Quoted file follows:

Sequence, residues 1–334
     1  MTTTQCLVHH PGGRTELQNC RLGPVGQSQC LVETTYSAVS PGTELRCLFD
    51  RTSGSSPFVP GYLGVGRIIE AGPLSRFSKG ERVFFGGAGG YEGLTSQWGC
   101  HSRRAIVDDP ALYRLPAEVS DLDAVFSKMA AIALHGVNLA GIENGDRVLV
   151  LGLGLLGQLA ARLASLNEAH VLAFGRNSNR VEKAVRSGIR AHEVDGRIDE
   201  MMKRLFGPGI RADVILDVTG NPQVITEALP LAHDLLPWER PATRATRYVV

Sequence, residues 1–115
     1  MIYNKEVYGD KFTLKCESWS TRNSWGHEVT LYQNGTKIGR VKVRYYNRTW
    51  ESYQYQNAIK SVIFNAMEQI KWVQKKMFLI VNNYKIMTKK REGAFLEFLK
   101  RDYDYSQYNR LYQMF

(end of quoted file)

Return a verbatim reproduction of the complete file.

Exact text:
Sequence, residues 1–334
     1  MTTTQCLVHH PGGRTELQNC RLGPVGQSQC LVETTYSAVS PGTELRCLFD
    51  RTSGSSPFVP GYLGVGRIIE AGPLSRFSKG ERVFFGGAGG YEGLTSQWGC
   101  HSRRAIVDDP ALYRLPAEVS DLDAVFSKMA AIALHGVNLA GIENGDRVLV
   151  LGLGLLGQLA ARLASLNEAH VLAFGRNSNR VEKAVRSGIR AHEVDGRIDE
   201  MMKRLFGPGI RADVILDVTG NPQVITEALP LAHDLLPWER PATRATRYVV

Sequence, residues 1–115
     1  MIYNKEVYGD KFTLKCESWS TRNSWGHEVT LYQNGTKIGR VKVRYYNRTW
    51  ESYQYQNAIK SVIFNAMEQI KWVQKKMFLI VNNYKIMTKK REGAFLEFLK
   101  RDYDYSQYNR LYQMF